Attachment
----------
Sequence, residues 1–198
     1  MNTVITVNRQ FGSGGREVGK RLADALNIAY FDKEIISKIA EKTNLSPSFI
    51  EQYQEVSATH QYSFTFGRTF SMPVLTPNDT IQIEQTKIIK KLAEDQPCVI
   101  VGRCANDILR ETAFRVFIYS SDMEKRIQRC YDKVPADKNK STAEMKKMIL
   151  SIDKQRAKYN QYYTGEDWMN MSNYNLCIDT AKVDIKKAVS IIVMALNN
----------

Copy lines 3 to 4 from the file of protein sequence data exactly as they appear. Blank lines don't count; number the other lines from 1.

    51  EQYQEVSATH QYSFTFGRTF SMPVLTPNDT IQIEQTKIIK KLAEDQPCVI
   101  VGRCANDILR ETAFRVFIYS SDMEKRIQRC YDKVPADKNK STAEMKKMIL